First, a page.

Voice/Vision Holocaust Survivor Oral History Archive

Alice Lang Rosen - August 5, 1991

Life in the Jewish Children's Home

So you don't remember feeling confused and upset?

Really confused and upset, yes, I was. In fact, after the children's home was quite filled--quite a few children there, I was--I think might have been the only German Jew. There were quite a lot of Polish, and Czechoslovakian and, and Russian Jewish children and I had a hard time when they found out that I was of German descent uh, and they really did let it out on me because they forgot the Jewish part, they just remembered the German part. And they were--I remember by that time I was already ten years old probably and um, so that hurt, that was really bad...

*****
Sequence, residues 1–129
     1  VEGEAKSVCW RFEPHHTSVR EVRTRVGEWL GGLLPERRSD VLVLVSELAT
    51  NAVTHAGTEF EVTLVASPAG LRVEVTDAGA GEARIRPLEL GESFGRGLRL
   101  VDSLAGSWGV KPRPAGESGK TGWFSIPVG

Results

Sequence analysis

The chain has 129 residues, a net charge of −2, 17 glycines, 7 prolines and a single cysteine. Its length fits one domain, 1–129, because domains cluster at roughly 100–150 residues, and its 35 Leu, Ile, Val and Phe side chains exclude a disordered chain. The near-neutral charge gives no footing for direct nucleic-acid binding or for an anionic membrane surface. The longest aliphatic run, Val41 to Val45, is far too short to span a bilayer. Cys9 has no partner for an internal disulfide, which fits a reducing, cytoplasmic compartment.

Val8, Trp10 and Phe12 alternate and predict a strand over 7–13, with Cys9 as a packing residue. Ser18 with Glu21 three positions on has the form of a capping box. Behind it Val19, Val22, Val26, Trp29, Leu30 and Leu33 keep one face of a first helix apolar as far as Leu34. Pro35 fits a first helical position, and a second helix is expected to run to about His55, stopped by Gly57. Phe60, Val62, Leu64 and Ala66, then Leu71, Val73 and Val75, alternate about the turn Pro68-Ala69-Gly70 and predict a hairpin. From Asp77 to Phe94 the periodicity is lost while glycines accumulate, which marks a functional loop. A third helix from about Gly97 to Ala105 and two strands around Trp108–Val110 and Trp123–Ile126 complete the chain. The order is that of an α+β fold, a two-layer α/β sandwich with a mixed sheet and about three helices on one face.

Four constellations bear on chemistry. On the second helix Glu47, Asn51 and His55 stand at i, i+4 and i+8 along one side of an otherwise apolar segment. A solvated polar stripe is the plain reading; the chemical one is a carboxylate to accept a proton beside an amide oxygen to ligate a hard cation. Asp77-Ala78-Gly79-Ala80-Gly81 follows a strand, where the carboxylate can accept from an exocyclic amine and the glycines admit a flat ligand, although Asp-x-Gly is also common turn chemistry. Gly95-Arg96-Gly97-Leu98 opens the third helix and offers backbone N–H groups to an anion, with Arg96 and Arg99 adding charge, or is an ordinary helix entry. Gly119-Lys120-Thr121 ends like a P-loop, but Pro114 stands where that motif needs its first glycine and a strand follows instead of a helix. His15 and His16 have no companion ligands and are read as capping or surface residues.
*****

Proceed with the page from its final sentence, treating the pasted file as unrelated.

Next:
What kind of things did they say to you?

Oh they, you know, call me German they--I was like uh, an outcast. Uh, it's like a child here you know, they outcast for mothers for one reason or another and I couldn't understand why they didn't like me. I always maybe because I was so much more religious than they were, I mean I caught on so much quicker, this was my, my whole life. In fact I talked with the rabbi and he had said to me that um, if my family--none of my family comes back and no one is found I was going to go to Israel. That, that was my one goal, I was ten years old and I wanted to go to Israel, that was all I wanted, you know, to, to do.

© Board of Regents University of Michigan-Dearborn